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2 discussion questions $10
Many commentators label the current “War on Terrorism” as a state of perpetual war. Many issues become apparent when a nation adopts a permanent war setting. Chapter 8 in your text explores many of the ethical issues associated with the War on Terrorism, and the video Treat Terrorists Like Enemy Combatants, Not Criminals: A Debate (Links to an external site.)Links to an external site. debates the best methods to handle accused terrorists (Makio, 2010). In this discussion, discuss the morality and expectations for the criminal justice system to be engaged in such a “war.” How does this status of preparedness and aggressive interdiction affect the creation, design, and implementation of morality policies in the criminal justice field?
Guided Response: Examine the implications of a nation continually in a state or war. Do ethical systems become irrelevant in light of a consistent, aggressive foreign policy, or is the need for moral action and rules more imperative in such a culture?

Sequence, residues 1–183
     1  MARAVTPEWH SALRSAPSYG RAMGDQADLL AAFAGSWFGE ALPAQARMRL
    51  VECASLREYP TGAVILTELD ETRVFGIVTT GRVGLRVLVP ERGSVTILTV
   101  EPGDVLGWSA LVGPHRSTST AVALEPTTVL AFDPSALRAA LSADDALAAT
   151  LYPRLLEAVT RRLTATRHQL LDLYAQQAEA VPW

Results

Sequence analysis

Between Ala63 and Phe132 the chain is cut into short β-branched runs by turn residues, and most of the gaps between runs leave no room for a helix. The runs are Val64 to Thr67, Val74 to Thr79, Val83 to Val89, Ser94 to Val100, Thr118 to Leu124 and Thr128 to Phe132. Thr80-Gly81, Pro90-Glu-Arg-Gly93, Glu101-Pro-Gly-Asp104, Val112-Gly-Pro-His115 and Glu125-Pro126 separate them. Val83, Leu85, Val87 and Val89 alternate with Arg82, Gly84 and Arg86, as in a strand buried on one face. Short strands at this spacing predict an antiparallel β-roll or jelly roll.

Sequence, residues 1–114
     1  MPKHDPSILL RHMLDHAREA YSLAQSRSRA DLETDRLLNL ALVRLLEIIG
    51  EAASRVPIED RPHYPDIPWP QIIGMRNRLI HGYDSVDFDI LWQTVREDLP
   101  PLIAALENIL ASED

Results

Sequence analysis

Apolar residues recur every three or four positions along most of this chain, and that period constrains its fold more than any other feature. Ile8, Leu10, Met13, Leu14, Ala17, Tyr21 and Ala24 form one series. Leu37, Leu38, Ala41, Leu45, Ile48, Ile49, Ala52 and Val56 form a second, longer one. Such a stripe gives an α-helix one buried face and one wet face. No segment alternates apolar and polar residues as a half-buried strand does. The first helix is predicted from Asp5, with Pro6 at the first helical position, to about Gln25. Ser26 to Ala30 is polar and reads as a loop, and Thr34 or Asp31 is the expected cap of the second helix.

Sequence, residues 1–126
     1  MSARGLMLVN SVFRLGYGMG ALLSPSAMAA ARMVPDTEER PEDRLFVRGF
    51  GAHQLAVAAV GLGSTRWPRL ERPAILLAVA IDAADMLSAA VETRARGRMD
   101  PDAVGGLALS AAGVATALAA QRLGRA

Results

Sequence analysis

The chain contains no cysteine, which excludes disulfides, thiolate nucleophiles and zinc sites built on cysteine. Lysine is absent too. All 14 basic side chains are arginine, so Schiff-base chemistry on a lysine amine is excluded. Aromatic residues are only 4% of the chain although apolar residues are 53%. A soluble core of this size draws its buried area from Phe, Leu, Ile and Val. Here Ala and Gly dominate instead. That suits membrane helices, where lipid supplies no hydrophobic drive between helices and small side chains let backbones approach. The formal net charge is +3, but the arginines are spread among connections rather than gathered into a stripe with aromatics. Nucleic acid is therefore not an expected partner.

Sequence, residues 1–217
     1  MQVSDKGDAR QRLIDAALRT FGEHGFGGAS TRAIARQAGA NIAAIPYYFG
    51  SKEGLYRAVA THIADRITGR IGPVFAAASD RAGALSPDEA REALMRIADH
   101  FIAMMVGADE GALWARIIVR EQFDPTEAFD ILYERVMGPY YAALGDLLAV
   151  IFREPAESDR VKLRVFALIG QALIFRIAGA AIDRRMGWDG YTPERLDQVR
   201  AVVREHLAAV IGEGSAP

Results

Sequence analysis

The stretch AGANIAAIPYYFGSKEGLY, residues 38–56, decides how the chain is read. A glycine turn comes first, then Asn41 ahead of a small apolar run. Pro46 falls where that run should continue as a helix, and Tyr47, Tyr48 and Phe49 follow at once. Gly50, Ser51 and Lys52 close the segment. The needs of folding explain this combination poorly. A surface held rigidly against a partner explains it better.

Disparity in the treatment of people accused of crimes in the United States is statistically undeniable. Chapter 3 in your text discusses the concept of institutionalized racism and the video Black Death in Dixie: Racism and the Death Penalty in the United States (Links to an external site.)Links to an external site. explores the premise that the death penalty targets minorities (Nelson & King, 2007). In this discussion, examine the moral implications for the criminal justice system if disparities in searches, arrests, and incarceration sentences continue to be skewed due to race. Provide at least two moral strategies to help combat this current event issue.
Guided Response: Morality in criminal justice must be a function of treating all people equally. If this basic premise is true, what does it say about our criminal justice system if people of different races and ethnicities are treated differently? The common symbol for the law is a blindfolded woman holding a balanced scale of justice. Can we say, as a society and as a criminal justice profession that the law is truly blind to such issues in its application?